The teacher training happens in one Central Asian country (Kazakhstan?), one Eastern/Central European country (Ukraine?), and one Asian country where English and Russian are the focus of foreign language teaching (Mongolia?).

Well, those are all exciting prospects, but none of it will matter if I can’t get my blazing fingerprints done! I’ve emailed a friend who got hers done here and is currently in Kazakhstan; she said I’ll probably have to get the Board of Education to have a talk with the police to convince them to do it… fun times!

Hiccup… hiccup

I seem to have hit a small hitch. I got my paperwork in the mail on Monday – a letter telling me how to get into the Toolkit which I had already figured out, and an envelope requesting fingerprints and college transcripts. I ordered my transcripts, but… fingerprints. Er… yeah. So today I went to the local police station and spent a good 15 minutes explaining what I was trying to say. They told me to go buy an ink pad at the dollar store and do them at home. I explained that this was official, and that wouldn’t work. So they spent a good long time making three different phone calls, and I was finally told that if I wanted my fingerprints taken, I’d have to get myself arrested. Fantastic.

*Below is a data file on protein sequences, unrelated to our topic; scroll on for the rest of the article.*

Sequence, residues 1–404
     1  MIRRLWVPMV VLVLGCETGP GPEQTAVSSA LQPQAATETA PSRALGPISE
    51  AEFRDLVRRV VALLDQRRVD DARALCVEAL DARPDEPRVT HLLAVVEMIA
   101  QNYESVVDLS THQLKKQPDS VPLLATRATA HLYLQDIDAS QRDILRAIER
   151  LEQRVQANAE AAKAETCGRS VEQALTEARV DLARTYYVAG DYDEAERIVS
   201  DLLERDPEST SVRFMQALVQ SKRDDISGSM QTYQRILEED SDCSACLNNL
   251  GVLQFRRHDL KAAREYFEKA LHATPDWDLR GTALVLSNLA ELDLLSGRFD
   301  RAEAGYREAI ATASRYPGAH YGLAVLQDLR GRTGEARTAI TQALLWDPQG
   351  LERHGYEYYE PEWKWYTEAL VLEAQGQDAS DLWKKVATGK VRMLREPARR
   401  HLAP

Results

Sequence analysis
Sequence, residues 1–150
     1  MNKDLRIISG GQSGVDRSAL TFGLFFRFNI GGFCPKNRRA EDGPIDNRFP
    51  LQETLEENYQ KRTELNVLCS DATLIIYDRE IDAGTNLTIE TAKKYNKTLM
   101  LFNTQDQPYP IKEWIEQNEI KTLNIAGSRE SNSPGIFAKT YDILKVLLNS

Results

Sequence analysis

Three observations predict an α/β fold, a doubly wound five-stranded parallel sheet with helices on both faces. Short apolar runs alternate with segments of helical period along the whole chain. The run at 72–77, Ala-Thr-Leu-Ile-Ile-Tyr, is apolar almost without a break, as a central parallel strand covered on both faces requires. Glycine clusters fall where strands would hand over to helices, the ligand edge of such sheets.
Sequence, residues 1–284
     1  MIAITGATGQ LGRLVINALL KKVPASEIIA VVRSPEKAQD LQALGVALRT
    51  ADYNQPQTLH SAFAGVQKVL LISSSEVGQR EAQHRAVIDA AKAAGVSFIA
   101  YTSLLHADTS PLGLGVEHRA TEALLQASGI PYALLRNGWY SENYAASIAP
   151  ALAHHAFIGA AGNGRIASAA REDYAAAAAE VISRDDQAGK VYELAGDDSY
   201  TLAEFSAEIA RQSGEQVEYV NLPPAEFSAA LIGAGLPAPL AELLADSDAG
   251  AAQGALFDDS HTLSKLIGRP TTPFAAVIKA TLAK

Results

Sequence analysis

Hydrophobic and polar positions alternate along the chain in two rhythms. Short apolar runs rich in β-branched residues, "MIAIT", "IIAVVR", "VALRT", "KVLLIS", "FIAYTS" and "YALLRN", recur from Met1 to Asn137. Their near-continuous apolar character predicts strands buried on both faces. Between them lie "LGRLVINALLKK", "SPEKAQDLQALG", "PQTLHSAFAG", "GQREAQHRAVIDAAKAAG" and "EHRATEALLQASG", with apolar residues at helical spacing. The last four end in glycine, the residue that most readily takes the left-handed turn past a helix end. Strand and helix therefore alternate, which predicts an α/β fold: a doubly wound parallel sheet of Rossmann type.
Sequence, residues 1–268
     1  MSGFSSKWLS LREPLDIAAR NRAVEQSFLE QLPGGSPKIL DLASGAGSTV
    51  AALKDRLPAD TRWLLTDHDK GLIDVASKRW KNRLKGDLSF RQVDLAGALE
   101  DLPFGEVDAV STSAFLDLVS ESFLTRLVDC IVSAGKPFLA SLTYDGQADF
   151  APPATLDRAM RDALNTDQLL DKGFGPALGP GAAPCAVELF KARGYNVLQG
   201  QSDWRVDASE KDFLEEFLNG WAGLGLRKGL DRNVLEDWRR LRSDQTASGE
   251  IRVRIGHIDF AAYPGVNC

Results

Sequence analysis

Turns out, there are only two times it’s legal to take fingerprints in Japan. One is when someone is arrested; the other is when a foreign national comes here to be a long-term resident – and they have to do it every time they come in and out of the country, too.

So, blurgh. This could be a problem. And I only have 3.5 weeks left to send it in (has to be sent within 4 weeks of getting the letter). Yep, bit of a hiccup.